Stopping the Snowball: The Role of Respect in a Godly Marriage

Stopping the Snowball: The Role of Respect in a Godly Marriage

BY SARA TERRY

          This spring was a tough season in my marriage. My husband Ben and I have spent more time talking about our problems than having fun together, appreciating each other, and encouraging each other. Neither of us has handled these situations with the grace, patience, and humility of Christ. However, if I am honest, I know it is my actions and words that start and end these conflicts.

          In the middle of this Houston summer, I like to think that our cycle of criticism and defensiveness is like a snowball rolling down a hill.  

          Tell me if this sounds familiar: you softly criticize your sweet, but sometimes clueless husband about something relatively small. You do not intend to start anything but are just trying to express your feelings. His rather unapologetic and defensive reaction, however, seems to escalate the matter, and you find yourself frustrated.

          Then you are reminded of another recent event or series of events that, in your mind, ties to a common theme, which you express more strongly and with a less-than-kind tone. As the cycle continues, you end up drawing larger and larger conclusions, such as, “You don’t listen or care about what I am saying!” (I am rolling my eyes with you, but it happens).

          By the end, there is a large snowball, two angry spouses, a fair number of tears, and many more hurtful words and actions exchanged than either of you wanted or expected. You just wanted him to take out the trash!

          It is relatively easy to justify my actions, insisting that I have the right to express my feelings and needs.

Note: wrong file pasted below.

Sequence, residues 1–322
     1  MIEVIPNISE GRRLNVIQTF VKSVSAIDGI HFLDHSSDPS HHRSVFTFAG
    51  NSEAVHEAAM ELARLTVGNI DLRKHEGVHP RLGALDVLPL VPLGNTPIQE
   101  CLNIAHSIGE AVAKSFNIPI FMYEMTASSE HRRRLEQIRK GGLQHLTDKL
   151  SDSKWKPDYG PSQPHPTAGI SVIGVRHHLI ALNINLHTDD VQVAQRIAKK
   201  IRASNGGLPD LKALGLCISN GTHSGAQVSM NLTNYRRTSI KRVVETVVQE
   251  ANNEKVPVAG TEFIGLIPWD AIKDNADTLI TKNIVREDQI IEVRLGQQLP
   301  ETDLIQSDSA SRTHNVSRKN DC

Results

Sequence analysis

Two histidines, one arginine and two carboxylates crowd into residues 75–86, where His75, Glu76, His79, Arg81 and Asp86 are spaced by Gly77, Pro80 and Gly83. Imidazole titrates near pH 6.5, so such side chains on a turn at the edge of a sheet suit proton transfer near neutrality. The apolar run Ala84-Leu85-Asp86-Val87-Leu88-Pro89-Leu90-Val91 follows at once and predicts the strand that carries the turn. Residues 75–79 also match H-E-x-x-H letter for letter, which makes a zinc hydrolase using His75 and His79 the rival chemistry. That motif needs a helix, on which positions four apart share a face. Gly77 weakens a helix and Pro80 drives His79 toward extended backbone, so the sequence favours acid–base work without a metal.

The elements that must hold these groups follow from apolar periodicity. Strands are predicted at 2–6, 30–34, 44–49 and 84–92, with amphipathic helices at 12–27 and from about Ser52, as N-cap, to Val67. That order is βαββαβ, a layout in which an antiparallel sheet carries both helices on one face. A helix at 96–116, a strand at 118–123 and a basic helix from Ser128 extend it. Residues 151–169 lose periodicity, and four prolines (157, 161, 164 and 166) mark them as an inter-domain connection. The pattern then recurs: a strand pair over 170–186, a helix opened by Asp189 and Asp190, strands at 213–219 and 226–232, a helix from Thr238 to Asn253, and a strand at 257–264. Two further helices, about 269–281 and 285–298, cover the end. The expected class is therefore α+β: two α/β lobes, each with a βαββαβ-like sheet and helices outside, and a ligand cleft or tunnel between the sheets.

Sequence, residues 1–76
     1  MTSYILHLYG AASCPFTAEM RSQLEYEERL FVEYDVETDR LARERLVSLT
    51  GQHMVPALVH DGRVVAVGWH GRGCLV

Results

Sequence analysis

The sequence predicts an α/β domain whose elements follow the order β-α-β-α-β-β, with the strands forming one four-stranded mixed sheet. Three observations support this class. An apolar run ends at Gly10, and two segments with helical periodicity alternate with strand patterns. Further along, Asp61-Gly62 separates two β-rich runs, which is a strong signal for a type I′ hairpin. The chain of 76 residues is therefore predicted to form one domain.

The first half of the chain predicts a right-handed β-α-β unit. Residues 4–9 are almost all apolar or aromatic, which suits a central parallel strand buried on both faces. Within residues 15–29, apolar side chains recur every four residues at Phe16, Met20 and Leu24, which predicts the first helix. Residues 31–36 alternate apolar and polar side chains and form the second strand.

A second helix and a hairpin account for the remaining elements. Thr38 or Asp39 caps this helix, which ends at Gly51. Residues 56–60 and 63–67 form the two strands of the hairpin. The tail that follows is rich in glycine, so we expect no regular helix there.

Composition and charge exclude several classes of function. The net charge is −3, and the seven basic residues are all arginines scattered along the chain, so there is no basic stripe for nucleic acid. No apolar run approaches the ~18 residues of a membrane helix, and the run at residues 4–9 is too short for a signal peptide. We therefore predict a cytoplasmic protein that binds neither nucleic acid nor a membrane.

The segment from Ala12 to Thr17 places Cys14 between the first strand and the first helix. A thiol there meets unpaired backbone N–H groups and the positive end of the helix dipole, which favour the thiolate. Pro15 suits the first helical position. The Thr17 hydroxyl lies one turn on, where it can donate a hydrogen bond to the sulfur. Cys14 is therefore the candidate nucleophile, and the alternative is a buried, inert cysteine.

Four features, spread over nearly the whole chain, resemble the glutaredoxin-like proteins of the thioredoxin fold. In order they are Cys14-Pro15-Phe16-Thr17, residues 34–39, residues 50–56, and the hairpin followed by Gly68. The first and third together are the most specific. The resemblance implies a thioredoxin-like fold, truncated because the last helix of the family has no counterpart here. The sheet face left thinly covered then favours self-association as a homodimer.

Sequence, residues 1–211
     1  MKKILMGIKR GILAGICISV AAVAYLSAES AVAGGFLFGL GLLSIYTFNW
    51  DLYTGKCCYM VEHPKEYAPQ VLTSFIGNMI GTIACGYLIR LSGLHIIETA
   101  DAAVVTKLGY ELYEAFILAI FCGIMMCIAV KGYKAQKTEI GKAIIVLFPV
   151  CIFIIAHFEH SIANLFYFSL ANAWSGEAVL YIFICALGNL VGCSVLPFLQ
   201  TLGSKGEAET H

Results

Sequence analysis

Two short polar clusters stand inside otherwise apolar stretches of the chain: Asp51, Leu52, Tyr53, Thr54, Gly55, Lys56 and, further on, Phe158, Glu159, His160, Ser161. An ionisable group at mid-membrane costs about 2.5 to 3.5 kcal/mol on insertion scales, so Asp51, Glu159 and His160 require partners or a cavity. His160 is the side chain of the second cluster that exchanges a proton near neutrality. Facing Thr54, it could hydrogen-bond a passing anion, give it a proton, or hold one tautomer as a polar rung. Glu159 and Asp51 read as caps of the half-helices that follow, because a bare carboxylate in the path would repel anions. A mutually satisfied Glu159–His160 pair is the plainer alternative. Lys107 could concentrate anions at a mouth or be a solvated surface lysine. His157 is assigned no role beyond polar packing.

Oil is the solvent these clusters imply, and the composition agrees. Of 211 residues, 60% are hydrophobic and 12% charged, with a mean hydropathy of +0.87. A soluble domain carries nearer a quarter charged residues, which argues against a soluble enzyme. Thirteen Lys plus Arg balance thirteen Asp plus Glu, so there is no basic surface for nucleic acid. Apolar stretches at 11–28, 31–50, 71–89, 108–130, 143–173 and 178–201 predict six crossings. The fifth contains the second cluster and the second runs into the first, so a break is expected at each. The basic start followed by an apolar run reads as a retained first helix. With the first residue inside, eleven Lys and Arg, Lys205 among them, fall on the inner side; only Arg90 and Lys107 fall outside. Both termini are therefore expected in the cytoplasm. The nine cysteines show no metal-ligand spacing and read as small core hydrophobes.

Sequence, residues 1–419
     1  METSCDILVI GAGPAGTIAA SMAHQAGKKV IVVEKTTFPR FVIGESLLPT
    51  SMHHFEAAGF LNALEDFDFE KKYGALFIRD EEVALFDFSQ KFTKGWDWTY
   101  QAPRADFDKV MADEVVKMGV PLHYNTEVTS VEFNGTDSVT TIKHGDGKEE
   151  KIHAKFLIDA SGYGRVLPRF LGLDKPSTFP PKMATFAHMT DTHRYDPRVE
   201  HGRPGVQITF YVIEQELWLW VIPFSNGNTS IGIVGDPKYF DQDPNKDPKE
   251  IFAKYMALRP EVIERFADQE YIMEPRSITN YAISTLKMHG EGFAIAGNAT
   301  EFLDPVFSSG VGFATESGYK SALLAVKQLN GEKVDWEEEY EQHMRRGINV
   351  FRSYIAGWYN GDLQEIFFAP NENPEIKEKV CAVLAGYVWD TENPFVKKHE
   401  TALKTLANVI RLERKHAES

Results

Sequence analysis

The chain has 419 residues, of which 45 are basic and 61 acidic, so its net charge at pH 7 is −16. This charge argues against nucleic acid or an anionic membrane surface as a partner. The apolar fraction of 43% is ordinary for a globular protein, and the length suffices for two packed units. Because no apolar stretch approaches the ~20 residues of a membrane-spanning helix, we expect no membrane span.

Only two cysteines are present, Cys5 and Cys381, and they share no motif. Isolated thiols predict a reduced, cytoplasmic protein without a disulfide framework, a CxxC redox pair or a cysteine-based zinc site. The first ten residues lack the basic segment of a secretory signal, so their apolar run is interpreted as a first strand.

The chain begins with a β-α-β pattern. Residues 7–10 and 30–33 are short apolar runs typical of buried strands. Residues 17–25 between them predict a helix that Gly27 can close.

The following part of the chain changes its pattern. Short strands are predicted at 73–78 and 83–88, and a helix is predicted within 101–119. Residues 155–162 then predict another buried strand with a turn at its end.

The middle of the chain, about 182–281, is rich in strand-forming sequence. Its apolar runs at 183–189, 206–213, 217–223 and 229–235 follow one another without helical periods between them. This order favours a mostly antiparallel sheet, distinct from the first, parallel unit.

However, I have found that being “right” in my eyes does very little to unify my marriage. In fact, I feel more and more distant from my husband. The more I criticize, the more withdrawn he becomes.

          The “simple solution”—just be a good, always positive, never critical wife—is not really a solution at all. There must be a way to be kind and loving while also being authentic and honest.

          After reflection, I am confident there is a deeper issue at play. More than the words that come out of my mouth, I struggle to quiet the voices in my head, pointing out more and more things about Ben that I think need to be changed. Yes, my criticisms are often motivated by love, but their expression is anything but loving.

          I want him to know Christ more. I want him to be a leader in our home. I want him to have deeper community with other men. I want him to be more…you get the picture. At some point in the negativity and criticism, I have forgotten all the reasons I admire my husband, all the things about him I respect and love and have fixed my eyes on something altogether unreal and unrealistic.